Subject essay: Lewis Siegelbaum
During the Cold War when both the United States and the Soviet Union possessed nuclear arsenals sufficient to destroy each other and much of the rest of the world, the late 1960s to the middle of the 1970s stands out as a time of relative cooperation between the two superpowers and among their respective blocs of nations. This period came to be known as that of détente, from the French for “relaxation” (in Russian разрядка). There was no event that precipitated the adoption of the term détente, no individual responsible for coining it, and no moment when it suddenly appeared on everyone’s lips. Rather, the word had been part of the language of diplomacy at least since the early twentieth century and was used fitfully thereafter. But, even more so than “reduction of tensions,” “thawing,” and other metaphors, it came to serve as the dominant characterization of superpower relations during the years of the Nixon-Ford and Brezhnev administrations.
Several bi- and multi-lateral agreements punctuated the period of détente. Among them, the Strategic Arms Limitation Treaty (SALT I) of 1972 and the 35-nation Conference on Security and Cooperation in Europe leading to the so-called Helsinki Accords (1975) generally are regarded as the most significant. The latter in particular, with its mutual recognition of post-World War II borders and implicitly spheres of domination, represented a major victory against what the Kremlin labeled revanchism (from the French for “revenge,” usually motivated by ambitions to recover lost territory). But these agreements themselves need to be explained – as part of the political calculus of respective leaders, their responses to unanticipated events or those over which they did not exercise control, and third-party initiatives. From the Soviet perspective, détente represented the culmination of a policy pursued since the mid-1950s, namely, to obtain formal recognition of peaceful coexistence and military parity with the United States and the West which implied acceptance of Soviet interests in various parts of the world. Previously reluctant to acknowledge the end of Pax Americana, the United States for its part was weary of global disorder, exhausted financially and in terms of morale by the war in Vietnam, and increasingly desperate for comprehensive agreement with “the Russians.” At the same time, Nixon and his National Security Advisor Henry Kissinger complemented their pursuit of détente by seeking out regional powers (Iran, Turkey, Indonesia, Brazil) to stave off Communist or other leftist insurgency movements and then, beginning in 1971, by “playing the China card.” Neither war in the Middle East, nor the subsequent defection of Egypt to the West, nor the US-backed overthrow of the Allende government in Chile disrupted détente.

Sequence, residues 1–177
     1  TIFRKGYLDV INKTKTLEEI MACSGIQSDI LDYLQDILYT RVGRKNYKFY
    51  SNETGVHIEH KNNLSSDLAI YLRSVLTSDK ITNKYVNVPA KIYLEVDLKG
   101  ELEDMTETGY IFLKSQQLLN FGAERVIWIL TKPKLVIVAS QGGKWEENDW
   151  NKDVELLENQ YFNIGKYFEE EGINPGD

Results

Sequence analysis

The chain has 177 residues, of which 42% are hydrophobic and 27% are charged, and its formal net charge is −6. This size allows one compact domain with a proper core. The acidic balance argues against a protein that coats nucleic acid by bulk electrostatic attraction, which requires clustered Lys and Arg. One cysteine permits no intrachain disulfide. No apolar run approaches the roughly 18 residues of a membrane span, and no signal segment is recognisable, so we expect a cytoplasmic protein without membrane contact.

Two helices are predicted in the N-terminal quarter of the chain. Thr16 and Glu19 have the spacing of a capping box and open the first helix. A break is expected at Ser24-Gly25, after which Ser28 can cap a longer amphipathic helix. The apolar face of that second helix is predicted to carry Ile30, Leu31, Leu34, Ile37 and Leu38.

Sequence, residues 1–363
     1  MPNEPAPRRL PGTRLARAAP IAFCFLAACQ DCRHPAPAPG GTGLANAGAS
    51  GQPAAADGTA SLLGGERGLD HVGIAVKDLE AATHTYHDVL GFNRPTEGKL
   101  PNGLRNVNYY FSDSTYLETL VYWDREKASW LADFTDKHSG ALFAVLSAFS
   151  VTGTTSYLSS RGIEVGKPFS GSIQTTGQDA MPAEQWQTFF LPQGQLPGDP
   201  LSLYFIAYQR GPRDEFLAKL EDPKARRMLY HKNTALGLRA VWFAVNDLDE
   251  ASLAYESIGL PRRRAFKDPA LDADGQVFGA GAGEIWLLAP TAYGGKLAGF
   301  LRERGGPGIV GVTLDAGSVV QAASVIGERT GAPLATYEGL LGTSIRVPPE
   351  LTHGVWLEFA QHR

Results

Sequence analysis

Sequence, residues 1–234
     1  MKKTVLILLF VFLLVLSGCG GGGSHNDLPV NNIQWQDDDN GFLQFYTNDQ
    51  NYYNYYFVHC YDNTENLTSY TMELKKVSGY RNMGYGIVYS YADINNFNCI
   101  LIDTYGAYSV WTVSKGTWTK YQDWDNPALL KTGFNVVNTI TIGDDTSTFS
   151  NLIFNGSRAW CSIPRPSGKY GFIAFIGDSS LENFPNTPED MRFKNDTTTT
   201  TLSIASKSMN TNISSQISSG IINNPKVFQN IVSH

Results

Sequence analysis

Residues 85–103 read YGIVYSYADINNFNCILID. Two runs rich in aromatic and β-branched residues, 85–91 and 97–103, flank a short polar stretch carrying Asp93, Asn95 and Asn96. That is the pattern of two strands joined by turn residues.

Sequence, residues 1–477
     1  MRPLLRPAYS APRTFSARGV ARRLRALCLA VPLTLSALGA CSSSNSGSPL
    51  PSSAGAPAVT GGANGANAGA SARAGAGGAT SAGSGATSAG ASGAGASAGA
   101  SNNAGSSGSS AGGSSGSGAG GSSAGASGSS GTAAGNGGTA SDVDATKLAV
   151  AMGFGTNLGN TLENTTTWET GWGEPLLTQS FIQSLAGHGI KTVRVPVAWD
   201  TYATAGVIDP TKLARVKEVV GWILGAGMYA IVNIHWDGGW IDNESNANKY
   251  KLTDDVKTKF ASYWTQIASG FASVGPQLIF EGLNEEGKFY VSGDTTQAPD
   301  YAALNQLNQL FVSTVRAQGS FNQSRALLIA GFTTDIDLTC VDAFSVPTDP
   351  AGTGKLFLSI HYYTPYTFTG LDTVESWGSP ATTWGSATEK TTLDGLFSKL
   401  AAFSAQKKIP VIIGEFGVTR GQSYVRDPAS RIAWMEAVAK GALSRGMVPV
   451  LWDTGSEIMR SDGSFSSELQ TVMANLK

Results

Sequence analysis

Détente coincided with and was reinforced by separate initiatives undertaken by several European powers to improve relations with the USSR. Fiat’s “deal of the century” with the Soviet Union in 1966 to upgrade the Soviet car industry, Charles De Gaulle’s determination to break free of Anglo-Saxon tutelage with respect to French foreign policy, the Ostpolitik of West German chancellor Willy Brandt, and the popular revulsion throughout the continent against US neo-colonialism in Vietnam and elsewhere all played a role in persuading Washington to enter into serious negotiations with Moscow.
But the election of Jimmy Carter as president in 1976 and the increasing incoherence of Soviet foreign policy owing to Brezhnev’s incapacitation and widening divisions in the Soviet bureaucracy slowed down and eventually reversed the momentum. By the time of the Soviet military intervention in Afghanistan to prop up a client regime against US-backed rebels and the subsequent US-led boycott of the 1980 Moscow Olympics, détente was over. Many historians date the coming to power of the Regan administration in 1981 as marking the definitive onset of Cold War II.
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